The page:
The Chinese helicopter carried the scientists and tourists from the Russian ship MV Akademik Shokalskiy in groups of 12 to an Australian icebreaker, said the Australian Maritime Safety Authority's Rescue Coordination Centre, which oversaw the rescue. The Aurora Australis will now take the passengers to the Australian island state of Tasmania, a journey expected to last two weeks.
"I think everyone is relieved and excited to be going on to the Australian icebreaker and then home," expedition leader Chris Turney told The Associated Press by satellite phone from the Antarctic.
All 22 crew members stayed with the icebound vessel, which is not in danger of sinking and has weeks' worth of supplies on board. They will wait until the ice that surrounds the ship breaks up.
The eagerly anticipated rescue came after days of failed attempts to reach the vessel. Blinding snow, strong winds, fog and thick sea ice forced rescuers to turn back time and again.
Three icebreakers were dispatched to try and crack their way through the ice surrounding the ship, but all failed. The Aurora came within 20 kilometers (12 miles) of the ship Monday, but fierce winds and snow forced it to retreat to open water.
On Thursday, it appeared the weather had thwarted yet another rescue attempt. The helicopter was originally going to airlift the passengers to the Chinese icebreaker on which the copter is based, with a barge then ferrying the passengers to the Aurora. But sea ice prevented the barge from reaching the Snow Dragon icebreaker, and the maritime authority said the operation would have to be delayed.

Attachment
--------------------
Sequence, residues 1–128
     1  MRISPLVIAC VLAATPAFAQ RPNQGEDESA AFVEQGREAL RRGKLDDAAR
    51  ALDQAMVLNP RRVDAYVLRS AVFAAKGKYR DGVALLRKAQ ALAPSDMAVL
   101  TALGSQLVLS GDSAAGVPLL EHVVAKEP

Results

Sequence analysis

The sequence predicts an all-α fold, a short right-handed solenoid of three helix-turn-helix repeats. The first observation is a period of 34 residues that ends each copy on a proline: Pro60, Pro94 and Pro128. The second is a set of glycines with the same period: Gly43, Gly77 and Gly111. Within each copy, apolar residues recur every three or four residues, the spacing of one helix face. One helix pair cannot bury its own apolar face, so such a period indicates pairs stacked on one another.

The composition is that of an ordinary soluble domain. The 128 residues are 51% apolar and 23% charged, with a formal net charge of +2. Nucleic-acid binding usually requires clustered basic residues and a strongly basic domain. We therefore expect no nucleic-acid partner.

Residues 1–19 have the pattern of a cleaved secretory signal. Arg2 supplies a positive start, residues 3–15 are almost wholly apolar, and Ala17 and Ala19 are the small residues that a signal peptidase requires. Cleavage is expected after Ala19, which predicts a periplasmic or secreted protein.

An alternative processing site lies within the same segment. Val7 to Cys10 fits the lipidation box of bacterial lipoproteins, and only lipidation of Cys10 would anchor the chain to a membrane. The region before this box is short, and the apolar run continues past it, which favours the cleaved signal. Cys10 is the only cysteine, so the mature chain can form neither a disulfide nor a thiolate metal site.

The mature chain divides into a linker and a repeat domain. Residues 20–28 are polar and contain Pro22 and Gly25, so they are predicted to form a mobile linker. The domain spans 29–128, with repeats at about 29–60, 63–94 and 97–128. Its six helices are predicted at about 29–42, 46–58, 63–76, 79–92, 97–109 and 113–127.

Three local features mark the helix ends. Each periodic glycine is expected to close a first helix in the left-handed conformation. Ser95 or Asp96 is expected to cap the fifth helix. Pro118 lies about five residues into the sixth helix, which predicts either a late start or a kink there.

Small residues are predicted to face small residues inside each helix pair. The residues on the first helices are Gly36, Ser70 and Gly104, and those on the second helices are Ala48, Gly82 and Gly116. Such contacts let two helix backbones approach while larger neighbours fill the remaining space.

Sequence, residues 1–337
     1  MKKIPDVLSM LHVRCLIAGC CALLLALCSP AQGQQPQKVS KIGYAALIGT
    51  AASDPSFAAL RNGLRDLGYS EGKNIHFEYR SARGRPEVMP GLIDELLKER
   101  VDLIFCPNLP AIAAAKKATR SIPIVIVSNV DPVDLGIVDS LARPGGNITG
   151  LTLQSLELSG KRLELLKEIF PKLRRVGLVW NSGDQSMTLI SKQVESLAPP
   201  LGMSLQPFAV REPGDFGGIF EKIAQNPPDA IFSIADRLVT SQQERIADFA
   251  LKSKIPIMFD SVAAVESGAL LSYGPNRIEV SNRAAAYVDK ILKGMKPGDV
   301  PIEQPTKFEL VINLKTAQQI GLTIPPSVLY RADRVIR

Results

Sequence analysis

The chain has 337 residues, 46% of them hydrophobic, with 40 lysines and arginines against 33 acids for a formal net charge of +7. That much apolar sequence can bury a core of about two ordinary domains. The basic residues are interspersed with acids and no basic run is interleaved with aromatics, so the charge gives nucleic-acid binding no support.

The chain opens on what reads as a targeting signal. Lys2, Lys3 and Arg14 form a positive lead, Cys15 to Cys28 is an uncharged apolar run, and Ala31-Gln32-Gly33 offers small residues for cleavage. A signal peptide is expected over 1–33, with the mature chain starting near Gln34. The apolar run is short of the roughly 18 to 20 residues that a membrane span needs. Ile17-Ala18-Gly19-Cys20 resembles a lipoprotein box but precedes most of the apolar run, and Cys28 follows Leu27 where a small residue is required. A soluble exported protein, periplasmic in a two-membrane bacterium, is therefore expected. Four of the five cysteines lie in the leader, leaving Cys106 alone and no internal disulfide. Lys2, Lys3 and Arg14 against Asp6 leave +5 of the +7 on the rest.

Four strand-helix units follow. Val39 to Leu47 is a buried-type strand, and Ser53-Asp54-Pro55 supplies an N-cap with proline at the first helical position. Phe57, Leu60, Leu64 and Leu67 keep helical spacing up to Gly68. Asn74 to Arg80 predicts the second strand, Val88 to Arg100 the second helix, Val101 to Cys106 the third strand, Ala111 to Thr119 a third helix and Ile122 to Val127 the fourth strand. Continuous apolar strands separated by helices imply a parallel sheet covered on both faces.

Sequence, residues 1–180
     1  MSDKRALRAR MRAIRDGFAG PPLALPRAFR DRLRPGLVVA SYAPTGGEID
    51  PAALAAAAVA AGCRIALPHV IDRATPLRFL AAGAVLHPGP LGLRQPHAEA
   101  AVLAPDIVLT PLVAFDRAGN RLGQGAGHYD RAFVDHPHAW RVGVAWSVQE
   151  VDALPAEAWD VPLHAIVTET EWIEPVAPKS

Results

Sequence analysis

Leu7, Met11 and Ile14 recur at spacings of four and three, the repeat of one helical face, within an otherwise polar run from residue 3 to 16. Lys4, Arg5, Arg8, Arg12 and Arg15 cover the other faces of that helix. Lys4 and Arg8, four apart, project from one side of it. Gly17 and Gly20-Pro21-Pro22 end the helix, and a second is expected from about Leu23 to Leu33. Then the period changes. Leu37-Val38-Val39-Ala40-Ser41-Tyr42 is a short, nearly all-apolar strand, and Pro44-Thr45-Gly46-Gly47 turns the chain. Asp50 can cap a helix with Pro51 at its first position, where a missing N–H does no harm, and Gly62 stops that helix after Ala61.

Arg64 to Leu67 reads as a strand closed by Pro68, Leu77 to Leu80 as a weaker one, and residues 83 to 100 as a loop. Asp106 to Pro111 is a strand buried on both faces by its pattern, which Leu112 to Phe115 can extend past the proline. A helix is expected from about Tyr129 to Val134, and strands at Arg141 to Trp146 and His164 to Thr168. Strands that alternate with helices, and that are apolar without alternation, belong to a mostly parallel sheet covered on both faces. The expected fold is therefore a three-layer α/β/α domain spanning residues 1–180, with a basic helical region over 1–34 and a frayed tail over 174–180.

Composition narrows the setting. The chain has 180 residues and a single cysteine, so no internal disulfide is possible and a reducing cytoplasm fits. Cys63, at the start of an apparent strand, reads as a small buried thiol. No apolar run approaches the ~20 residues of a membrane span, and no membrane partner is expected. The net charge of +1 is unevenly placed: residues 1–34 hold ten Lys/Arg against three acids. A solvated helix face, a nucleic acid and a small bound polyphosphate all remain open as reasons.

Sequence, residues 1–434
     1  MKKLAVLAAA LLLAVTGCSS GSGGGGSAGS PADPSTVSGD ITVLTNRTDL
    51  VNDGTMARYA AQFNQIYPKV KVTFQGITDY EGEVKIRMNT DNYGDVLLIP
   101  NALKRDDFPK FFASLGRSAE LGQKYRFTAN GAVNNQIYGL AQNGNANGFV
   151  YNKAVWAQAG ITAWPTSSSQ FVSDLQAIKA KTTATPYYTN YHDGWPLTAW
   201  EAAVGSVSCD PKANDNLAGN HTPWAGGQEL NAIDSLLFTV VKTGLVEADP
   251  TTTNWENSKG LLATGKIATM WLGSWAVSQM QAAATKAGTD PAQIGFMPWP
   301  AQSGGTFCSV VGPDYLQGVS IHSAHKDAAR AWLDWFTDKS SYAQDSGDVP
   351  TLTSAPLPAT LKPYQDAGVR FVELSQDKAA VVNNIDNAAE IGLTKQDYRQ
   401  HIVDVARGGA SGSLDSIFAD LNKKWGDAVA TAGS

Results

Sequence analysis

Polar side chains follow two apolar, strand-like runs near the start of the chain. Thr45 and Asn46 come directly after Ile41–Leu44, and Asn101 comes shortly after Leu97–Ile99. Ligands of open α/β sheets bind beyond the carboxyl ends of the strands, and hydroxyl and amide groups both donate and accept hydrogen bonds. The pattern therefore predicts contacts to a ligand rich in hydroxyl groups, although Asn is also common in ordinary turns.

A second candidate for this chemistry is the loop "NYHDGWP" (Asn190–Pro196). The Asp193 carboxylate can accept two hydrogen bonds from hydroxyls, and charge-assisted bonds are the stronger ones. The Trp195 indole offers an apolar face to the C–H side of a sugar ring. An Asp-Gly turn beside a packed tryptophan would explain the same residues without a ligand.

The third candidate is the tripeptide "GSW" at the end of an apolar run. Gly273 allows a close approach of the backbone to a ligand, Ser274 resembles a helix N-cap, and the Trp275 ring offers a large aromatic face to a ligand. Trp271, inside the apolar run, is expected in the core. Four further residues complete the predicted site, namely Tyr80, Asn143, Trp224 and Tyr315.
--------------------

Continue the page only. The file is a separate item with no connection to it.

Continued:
A last-minute change in plans allowed the rescue to go ahead. The passengers were instead flown to an ice floe next to the Aurora and then taken by a small boat to the Australian ship, Turney said.
The Akademik Shokalskiy, which left New Zealand on Nov. 28, got stuck after a blizzard pushed the sea ice around the ship, freezing it in place about 2,700 kilometers (1,700 miles) south of Hobart, Tasmania. The scientific team on board had been recreating Australian explorer Douglas Mawson's 1911 to 1913 voyage to Antarctica.
Turney had hoped to continue the trip if an icebreaker managed to free the ship. Despite his disappointment over the expedition being cut short, he said his spirits remained high.
"I'm a bit sad it's ended this way," he said. "But we got lots and lots of great science done."
Associated Press writer Kristen Gelineau in Sydney contributed to this report.